But for aggregate supply to continue growing rapidly there must also be a stable growth in aggregate demand. With the recession in the developed world, some of the more open economies of Asia, such as South Korea, Taiwan, Malaysia and Singapore themselves suffered a slowdown or recession as demand for their exports fell. The Malaysian economy, for example, contracted by 1.5% in 2009.
Given the continuing macroeconomic problems in the developed world, many Asian countries are seeing the need to rebalance their economies away from a heavy reliance on exports. China, for example, is putting more emphasis on domestic-led demand growth. Others, such as Indonesia, have already embarked on this route. As The Economist article states:
The continuing success story of many developing Asian economies thus lies in a balance of supply-side policies that foster continuing rapid investment and demand-side policies that create a stable monetary and fiscal environment. A crucial question here is whether they can emulate the ‘Great Moderation’ experienced by the Western economies from the mid-1990s to 2007, without creating the conditions for a crash in a few years time – a crash caused by excessive credit and an excessively deregulated financial system that was building up greater and greater systemic risk.
On Tuesday 29 November, the Chancellor of the Exchequer delivered his Autumn Statement. This presented the outlook for the UK economy, with forecasts supplied by the independent Office for Budget Responsibility (OBR). It also contained details of government fiscal measures to tackle various macroeconomic problems, including economic slowdown and high levels of national debt.
The outlook for the UK economy came as no surprise. Things are looking much bleaker than a few months ago. The OBR, along with other forecasters, has downgraded its predictions of the UK’s growth rate. Although it is still forecasting positive growth of 0.9% this year and 0.7% in 2012, these rates are well below those it predicted just eight months ago. In March it forecast growth rates of 1.7% for 2011 and 2.5% for 2012.
To make things worse, its growth forecasts are based on the assumptions that the eurozone crisis will be resolved with little or no effect on the UK. But even if that were so, the debt reduction plans in the eurozone are likely to drive the eurozone back into recession. This, in turn, will impact on UK exports, more than 50% of which go to eurozone countries.
The OBR forecasts that national debt will be 67% of GDP this year and will rise to 78% by 2014/15 but then start to fall. Government borrowing is forecast to be £127bn this year, falling to £120bn in 2012/13 and then more substantially each year after that to £24bn in 2016/17.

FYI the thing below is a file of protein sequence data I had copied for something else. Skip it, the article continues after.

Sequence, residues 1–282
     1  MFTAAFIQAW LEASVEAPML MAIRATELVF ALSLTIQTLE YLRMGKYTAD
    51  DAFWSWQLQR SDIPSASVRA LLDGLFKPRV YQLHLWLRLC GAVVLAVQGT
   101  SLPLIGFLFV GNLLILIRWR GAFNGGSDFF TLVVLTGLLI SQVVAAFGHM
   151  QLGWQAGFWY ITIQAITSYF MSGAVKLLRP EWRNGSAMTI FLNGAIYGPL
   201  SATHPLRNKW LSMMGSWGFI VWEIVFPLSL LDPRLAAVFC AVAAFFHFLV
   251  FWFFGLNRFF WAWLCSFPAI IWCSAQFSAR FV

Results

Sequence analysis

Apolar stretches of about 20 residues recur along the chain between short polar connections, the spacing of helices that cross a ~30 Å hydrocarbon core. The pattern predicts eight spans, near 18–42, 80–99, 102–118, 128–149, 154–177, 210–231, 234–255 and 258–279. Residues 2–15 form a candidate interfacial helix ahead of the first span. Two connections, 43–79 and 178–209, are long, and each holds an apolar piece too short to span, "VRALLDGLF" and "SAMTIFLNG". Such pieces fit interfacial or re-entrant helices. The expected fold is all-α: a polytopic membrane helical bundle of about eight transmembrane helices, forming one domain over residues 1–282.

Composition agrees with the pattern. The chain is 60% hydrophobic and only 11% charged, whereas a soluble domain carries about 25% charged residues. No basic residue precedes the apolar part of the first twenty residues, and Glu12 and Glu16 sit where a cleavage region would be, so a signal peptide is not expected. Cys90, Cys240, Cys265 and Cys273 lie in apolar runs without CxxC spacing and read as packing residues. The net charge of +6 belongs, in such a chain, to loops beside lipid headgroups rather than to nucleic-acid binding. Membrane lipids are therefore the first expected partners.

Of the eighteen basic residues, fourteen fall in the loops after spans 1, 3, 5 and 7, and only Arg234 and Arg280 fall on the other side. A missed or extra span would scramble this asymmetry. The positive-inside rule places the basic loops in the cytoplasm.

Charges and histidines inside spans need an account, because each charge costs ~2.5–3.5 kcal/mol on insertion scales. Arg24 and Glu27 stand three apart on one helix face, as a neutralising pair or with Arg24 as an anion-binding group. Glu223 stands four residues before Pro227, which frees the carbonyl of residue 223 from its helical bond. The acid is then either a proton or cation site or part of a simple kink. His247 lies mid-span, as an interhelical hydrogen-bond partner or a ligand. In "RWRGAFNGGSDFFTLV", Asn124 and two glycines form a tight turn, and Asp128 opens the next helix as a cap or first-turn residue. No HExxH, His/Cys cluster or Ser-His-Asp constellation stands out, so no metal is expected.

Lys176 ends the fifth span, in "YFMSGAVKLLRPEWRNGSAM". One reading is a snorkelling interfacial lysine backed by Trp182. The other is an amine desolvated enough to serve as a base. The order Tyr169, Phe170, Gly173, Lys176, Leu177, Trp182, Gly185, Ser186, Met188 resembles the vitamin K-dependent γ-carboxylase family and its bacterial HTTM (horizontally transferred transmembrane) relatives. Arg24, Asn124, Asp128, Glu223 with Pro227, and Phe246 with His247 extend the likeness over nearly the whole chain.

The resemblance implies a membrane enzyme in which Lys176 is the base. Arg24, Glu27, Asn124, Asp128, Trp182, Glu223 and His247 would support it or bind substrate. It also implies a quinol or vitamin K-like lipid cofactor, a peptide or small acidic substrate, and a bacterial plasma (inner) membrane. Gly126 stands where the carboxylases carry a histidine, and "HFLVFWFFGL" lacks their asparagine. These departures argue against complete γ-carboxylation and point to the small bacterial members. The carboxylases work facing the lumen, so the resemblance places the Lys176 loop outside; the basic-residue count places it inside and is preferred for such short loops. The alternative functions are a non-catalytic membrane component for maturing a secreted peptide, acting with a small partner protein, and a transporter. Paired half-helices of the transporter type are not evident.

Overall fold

So what measures were included in the Autumn Statement? These are detailed in the articles below, but the key ones were:
• a programme of credit easing, which will underwrite up to £40bn in low-interest loans for small and medium-sized businesses.
• £5bn of public money to be invested in infrastrucuture projects and a further £5bn in the next spending round. Agreement had been reached with two groups of pension funds to invest a further £20bn of private money in infrastructure projects.
• an additional £1.2bn for capital investment in schools.
• A cap on public-sector pay increases of 1% per year for the two years after the current two-year pay freeze.
The following videos and articles give details of the forecasts and the measures and give reactions from across the political spectrum.
George Osborne: Key points from chancellor’s speech BBC News, Andrew Neil 29/11/11)
Autumn Statement 2011: George Osborne – my plan to ‘see Britain through The Telegraph on YouTube (29/11/11)
UK economy slows to crawl Reuters (29/11/11)
George Osborne’s autumn statement – video analysis Guardian, Larry Elliott (29/11/11)
Autumn Statement: Osborne reveals state of UK economy BBC News, Nick Robinson (29/11/11)
Autumn Statement: Why is the deficit not shrinking? BBC News, Hugh Pym (29/11/11)
Autumn Statement: Robinson, Flanders and Peston analysis BBC News, Nick Robinson, Stephanie Flanders and Robert Peston (29/11/11)
Can the UK economy be ‘re-balanced’? BBC Newsnight, Paul Mason (29/11/11)
Autumn Statement 2011: main points The Telegraph, Rachel Cooper (29/11/11)
The Autumn Statement at a glance WalesOnline, Rhodri Evans (30/11/11)
Autumn Statement Summary 2011 TaxAssist Accountants (29/11/11)
Into the storm The Economist (3/13/11)
A battalion of troubles The Economist (3/12/11)
Weapons of mass construction The Economist (3/12/11)
Mr Osborne’s unwelcome statement BBC News, Stephanie Flanders (29/11/11)
£30bn of extra cuts keep Osborne on track, just BBC News, Paul Mason (29/11/11)
Autumn Statement 2011: Commentators give their verdict The Telegraph (30/11/11)
Autumn Statement 2011: concern remains but ‘Plan A-plus’ welcomed The Telegraph, Graham Ruddick (29/11/11)
Autumn statement: George Osborne’s cutting fantasy is over Guardian, Robert Skidelsky (29/11/11)
Hoarding for the apocalypse? I really wouldn’t blame you Guardian, Zoe Williams (30/11/11)
Reports and data
Autumn Statement 2011 – documents HM Treasury (29/11/11)
Economic and fiscal outlook – November 2011 Office for Budget Responsibility (29/11/11)
Autumn statement 2011: the key data you need to understand George Osborne’s speech Guardian DataBlog (29/11/11)
How much will the autumn statement cost and how will the economy change? Guardian DataBlog (29/11/11)
- Compare the OBR’s March and November 2011 forecasts.
- What factors explain the differences in the two sets of forecasts?
- For what reasons might national debt in the future turn out to be higher or lower than that forecast by the OBR?